Saturday, November 28, 2009

Wisky Update

Please update us on Wisky, if you can. My friend has a colt right now in a serious founder state. She's using the Soft Ride boots and I have a bucket of Sole Pack, which I've wanted to try on him, but you were the first person I've seen that has used it. Did you just pack it around her frog or under the whole sole?


Wisky at home and post trim pictures of her two front feet.

Hi Michelle,

These are the most recent pictures of Wisky at home. Ann, her new trimmer, is working on her now and is diligent about keeping me posted on her progress.

Honestly, she isn't moving very well right now as she's in a great deal of pain in one front. But we're hoping she working on festering out another abscess and this pain will pass.

As for the Hawthorne Sole Pack: yes, when she was here, I pressed it in all around her frogs.  I will cover the entire bottom of their foot with it sometimes under pads and casts, or boots. In boots, you may want to wrap the foot first with vet wrap as feed that that I'm hearing is that it can get slippery and cause the boots to shift.

Also, it will turn the hoof, boots pads or whatever it comes in contact with black. Not a problem for the hoof, it just doesn't look good for a little while.

Whenever I see any separation in the hoofwall, I always pack the crevices with the packing material, so the wall is packed with that, rather than dirt and small rocks.

I've seen HSP work wonders on hooves in a very short time!

I used it on a pretty severely foundered gelding a over a month ago, a T-walker that foundered 2 years ago and attempts to help him with shoes and pads failed. I was called in, but his owner couldn't give me much time to get him back before considering euthanasia, as she'd been through so much with him already.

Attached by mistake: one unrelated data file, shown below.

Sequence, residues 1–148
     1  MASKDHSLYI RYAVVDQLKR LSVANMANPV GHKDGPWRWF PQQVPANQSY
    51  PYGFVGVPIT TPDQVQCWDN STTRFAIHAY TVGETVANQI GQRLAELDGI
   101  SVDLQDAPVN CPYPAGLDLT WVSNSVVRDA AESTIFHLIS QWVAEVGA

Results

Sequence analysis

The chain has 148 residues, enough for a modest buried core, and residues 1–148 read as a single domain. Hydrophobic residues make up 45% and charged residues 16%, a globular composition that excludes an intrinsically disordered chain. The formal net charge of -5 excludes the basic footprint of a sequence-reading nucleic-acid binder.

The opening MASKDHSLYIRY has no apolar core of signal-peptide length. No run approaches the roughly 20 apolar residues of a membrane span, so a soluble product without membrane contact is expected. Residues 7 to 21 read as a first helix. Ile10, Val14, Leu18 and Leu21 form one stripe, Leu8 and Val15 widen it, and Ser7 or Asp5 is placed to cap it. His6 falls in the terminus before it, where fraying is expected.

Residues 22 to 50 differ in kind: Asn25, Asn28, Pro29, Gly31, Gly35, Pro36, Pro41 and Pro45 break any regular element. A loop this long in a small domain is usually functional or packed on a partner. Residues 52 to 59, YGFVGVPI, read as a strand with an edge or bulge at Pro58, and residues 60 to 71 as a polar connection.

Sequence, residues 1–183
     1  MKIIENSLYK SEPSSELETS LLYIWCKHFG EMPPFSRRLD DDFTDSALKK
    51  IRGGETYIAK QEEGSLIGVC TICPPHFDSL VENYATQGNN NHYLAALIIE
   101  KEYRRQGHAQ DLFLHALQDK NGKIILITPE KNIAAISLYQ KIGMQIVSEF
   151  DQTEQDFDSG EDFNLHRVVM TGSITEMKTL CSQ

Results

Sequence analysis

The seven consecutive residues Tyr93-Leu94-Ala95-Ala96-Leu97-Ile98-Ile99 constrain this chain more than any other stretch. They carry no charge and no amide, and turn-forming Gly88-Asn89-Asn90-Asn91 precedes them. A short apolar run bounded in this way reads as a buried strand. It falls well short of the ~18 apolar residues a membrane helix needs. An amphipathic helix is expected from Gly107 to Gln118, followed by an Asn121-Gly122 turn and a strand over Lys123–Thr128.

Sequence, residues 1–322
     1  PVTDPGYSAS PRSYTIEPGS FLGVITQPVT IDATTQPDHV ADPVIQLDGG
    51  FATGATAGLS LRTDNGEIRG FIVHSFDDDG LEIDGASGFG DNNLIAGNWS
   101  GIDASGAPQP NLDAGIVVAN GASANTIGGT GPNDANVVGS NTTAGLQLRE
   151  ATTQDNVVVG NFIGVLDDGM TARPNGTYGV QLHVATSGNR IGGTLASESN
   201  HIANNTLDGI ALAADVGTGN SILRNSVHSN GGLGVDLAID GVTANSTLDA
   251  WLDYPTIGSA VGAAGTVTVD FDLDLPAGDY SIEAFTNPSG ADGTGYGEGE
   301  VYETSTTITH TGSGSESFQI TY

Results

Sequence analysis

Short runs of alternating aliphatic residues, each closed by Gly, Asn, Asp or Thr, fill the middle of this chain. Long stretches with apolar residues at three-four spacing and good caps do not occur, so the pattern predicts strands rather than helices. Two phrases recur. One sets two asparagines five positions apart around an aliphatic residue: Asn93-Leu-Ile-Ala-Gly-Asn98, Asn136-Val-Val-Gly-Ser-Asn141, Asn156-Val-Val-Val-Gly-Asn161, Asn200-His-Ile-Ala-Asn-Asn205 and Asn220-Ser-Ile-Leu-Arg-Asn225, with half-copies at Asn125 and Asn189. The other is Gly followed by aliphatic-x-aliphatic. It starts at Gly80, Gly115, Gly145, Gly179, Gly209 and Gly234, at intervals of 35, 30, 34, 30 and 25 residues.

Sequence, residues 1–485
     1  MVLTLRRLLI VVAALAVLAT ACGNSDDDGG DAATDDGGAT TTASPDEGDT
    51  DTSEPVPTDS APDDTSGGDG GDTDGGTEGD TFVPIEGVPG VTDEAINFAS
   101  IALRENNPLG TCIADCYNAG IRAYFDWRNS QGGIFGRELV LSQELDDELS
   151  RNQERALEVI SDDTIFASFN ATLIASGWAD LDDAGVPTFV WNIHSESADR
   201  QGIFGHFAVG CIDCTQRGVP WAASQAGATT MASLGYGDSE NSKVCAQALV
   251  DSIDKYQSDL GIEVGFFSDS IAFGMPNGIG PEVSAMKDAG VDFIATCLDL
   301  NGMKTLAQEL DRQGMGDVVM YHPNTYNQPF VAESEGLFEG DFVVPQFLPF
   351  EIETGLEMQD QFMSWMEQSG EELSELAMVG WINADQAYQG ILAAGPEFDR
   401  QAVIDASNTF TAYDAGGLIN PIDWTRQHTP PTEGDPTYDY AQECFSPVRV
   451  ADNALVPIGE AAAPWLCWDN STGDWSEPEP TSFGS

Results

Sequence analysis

I trimmed him and packed his feet with HSP and booted him. The sole pack wasn't left in his foot long though because it was slippery and caused the boots to shift around so the owner removed it.

Even so, he's moving really well now and it's only been 3 trims spaced about 5 weeks apart. That's longer than I normally like to go when I'm first transitioning a horse, but many owners are accustomed to farrier schedules and we get what we get. His owner can see the obvious progress so he gets a new lease on life. He's even trotting around his pasture now. I'm thrilled!

I'm also working on a mare who has been abscessing severely for a couple years and again, the work to rehab her was done with shoes and pads and same story. After a few trims, she is improving. Her owner let her go to a new home as she couldn't afford to feed a horse that was not sound, but I think the horse's new situation will turn out to be a win-win-win for all involved.

So, to be sure, we can't save them all, but we can sure save most of them if we can just get them out of the dang shoes. And we have even better luck if foundered or abscessing horse never go into shoes in the first place. But we can't change that until we change traditional therapies for horse hooves.

I may be going to see Wisky soon. So I'll be able to better update.

Thank you for your interest and if there is any else I can do to help in your situation. Please feel free to let me know.